What does a broken hip feel like?
A broken hip, also often referred to as a hip fracture, can be a very serious injury. It can lead to a number of critical complications that may even be fatal. The propensity of developing a fractured hip increases with age. The reason for this is that the bones tend to undergo wear and tear and become weaker as you get older. There can also be other factors that make a person more prone to develop a broken hip, such as poor vision, use of medications and issues with balance. Factors such as the structure of the body and weakness can lead a person to fall suddenly, leading to a hip fracture. Women have a greater tendency to develop broken hips than men. It is necessary to perform a surgical treatment in order to correct a broken hip. The hip replacement procedure should also be accompanied by some intense physical therapy. It is always a good idea to include foods in the diet that help in boosting bone density.
There are many factors that can lead to hip fractures. These include excessive consumption of alcohol, unchecked osteoporosis, a family history of poor bone health, being underweight, smoking and not having sufficient amounts of vitamin D and calcium in the diet. A fractured or broken hip can also result from an actual fall or a physical injury. Whatever the cause of a broken hip might be, it is always followed by a lot of discomfort and pain felt in the groin or hip region. The patient may also find it difficult to walk and have his/her mobility compromised. Moreover, the skin surface around the injured area may look red and bruised. If the symptoms are mild, then the person might be able to walk and experience vague signs of discomfort in the hip and groin areas. There can also be noticeable issues around the thighs, the butt, and the back.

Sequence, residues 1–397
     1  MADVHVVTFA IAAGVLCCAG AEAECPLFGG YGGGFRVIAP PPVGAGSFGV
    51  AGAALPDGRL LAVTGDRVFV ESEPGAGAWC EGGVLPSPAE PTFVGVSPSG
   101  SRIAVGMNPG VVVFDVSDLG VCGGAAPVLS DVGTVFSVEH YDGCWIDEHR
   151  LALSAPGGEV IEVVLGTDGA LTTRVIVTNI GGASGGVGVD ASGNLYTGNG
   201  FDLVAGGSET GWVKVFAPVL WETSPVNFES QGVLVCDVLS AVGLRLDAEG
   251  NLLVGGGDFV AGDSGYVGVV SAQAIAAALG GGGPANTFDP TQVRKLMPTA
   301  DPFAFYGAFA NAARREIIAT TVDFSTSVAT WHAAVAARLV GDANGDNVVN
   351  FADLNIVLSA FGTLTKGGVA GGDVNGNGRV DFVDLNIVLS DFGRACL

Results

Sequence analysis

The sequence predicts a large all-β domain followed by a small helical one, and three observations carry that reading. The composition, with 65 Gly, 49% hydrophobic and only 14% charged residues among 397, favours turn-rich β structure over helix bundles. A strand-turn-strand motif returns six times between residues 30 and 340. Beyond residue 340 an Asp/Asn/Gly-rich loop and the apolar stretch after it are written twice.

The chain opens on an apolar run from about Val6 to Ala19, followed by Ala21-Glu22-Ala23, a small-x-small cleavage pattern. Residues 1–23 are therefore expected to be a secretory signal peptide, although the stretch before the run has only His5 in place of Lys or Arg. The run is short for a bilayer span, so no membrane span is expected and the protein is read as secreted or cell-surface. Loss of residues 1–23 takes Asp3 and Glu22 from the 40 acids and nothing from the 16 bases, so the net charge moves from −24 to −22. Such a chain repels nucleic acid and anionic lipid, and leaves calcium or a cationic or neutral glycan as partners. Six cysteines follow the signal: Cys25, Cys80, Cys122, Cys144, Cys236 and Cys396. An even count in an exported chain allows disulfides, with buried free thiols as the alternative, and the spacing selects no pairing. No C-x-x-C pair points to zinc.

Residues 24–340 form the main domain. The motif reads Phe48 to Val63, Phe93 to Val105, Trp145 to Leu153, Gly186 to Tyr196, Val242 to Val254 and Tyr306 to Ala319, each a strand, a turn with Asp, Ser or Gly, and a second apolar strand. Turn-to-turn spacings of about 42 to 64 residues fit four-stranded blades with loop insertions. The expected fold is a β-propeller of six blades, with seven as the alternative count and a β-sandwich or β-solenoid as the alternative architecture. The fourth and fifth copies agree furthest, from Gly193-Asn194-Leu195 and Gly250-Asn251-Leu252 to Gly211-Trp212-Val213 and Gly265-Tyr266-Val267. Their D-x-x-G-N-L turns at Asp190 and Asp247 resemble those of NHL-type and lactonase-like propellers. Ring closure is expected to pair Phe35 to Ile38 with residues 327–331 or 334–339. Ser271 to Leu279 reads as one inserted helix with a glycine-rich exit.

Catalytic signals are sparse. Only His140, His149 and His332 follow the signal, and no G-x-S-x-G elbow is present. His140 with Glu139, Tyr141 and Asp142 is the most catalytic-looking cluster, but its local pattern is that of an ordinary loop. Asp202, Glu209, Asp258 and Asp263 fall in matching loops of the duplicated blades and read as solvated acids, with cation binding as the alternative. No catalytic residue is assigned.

In order to diagnose the extent of a hip fracture, the doctor will ask the patient about recent injuries. Additionally, X-rays and a detailed physical exam can be carried out to reach a clear diagnosis. Sometimes a bone scan along with an MRI scan can be recommended by the doctor if the initial X-rays are not conclusive. In order to perform an accurate bone scan, the doctor is going to inject trace portions of a radioactive dye on the body. This ink can travel through the bloodstream into the bones of the affected hip where it shows signs of bone damage.
Depending on the severity of the case, a hip fracture can be deemed critical or not-so-critical. Sometimes a hip fracture can damage the ligaments, muscles, tendons, nerves, and blood vessels in the surrounding region. Therefore unless the injury and its effects are treated quickly, it can compromise the patient’s mobility in a major way. This can result in further complications, such as bedsores and pneumonia. Many patients are also affected by a urinary tract infection along with the formation of blood clots within the lungs and/or legs. There can also be a significant loss of the patient’s muscle mass. Treatment for the broken hip involves surgical intervention.